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Obama's ill-advised quip to Joe the Plumber wasn't an accident, It was the real Obama and if that incident hurt Obama, this youtube may likely be ten times worse. There's no getting around it.
...But the Supreme Court never ventured into the issues of redistribution of wealth, and more basic issues of political and economic justice in this society.
And to that extent, as radical as I think people try to characterize the Warren Court, it wasn't that radical. It didn't break free from the essential constraints that were placed by the Founding Fathers in the Constitution, at least as it's been interpreted, and the Warren Court interpreted it in the same way that generally the Constitution is a charter of negative liberties. It says what the states can't do to you, says what the federal government can't do to you, but it doesn't say what the federal government or the state government must do on your behalf. And that hasn't shifted. And one of the, I think, tragedies of the civil rights movement was, because the civil rights movement became so court-focused, I think there was a tendency to lose track of the political and community organizing and activities on the ground that are able to put together the actual coalitions of power through which to bring about redistributive change. And in some ways we still suffer from that.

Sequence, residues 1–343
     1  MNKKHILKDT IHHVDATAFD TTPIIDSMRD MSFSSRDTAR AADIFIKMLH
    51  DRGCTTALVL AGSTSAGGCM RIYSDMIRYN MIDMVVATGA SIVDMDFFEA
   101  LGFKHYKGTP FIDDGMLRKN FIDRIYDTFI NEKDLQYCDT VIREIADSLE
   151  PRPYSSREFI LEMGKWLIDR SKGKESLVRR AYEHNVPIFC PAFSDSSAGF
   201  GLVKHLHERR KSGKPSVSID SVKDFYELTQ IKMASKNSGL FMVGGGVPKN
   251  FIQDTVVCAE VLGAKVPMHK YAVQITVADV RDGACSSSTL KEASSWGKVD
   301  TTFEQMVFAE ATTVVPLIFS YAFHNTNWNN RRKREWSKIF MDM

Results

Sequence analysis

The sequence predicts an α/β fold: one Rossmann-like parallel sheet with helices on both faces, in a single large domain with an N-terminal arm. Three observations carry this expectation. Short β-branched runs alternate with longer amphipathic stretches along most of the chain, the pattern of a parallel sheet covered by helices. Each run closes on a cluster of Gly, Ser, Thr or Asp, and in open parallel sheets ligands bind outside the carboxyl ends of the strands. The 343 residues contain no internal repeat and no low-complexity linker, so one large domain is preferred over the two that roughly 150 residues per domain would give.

...Obama: Maybe I'm showing my bias here as a legislator as well as a law professor, but I'm not optimistic about bringing about major redistributive change through the courts. Y'know, the institution just isn't structured that way.
...The court's just not very good at it, and politically it's very hard to legitimize opinions from the court in that regard. So, I mean, I think that although you can craft theoretical justifications for it legally, y'know I think any three of us sitting here could come up with a rationale for bringing about economic change through the courts. .....
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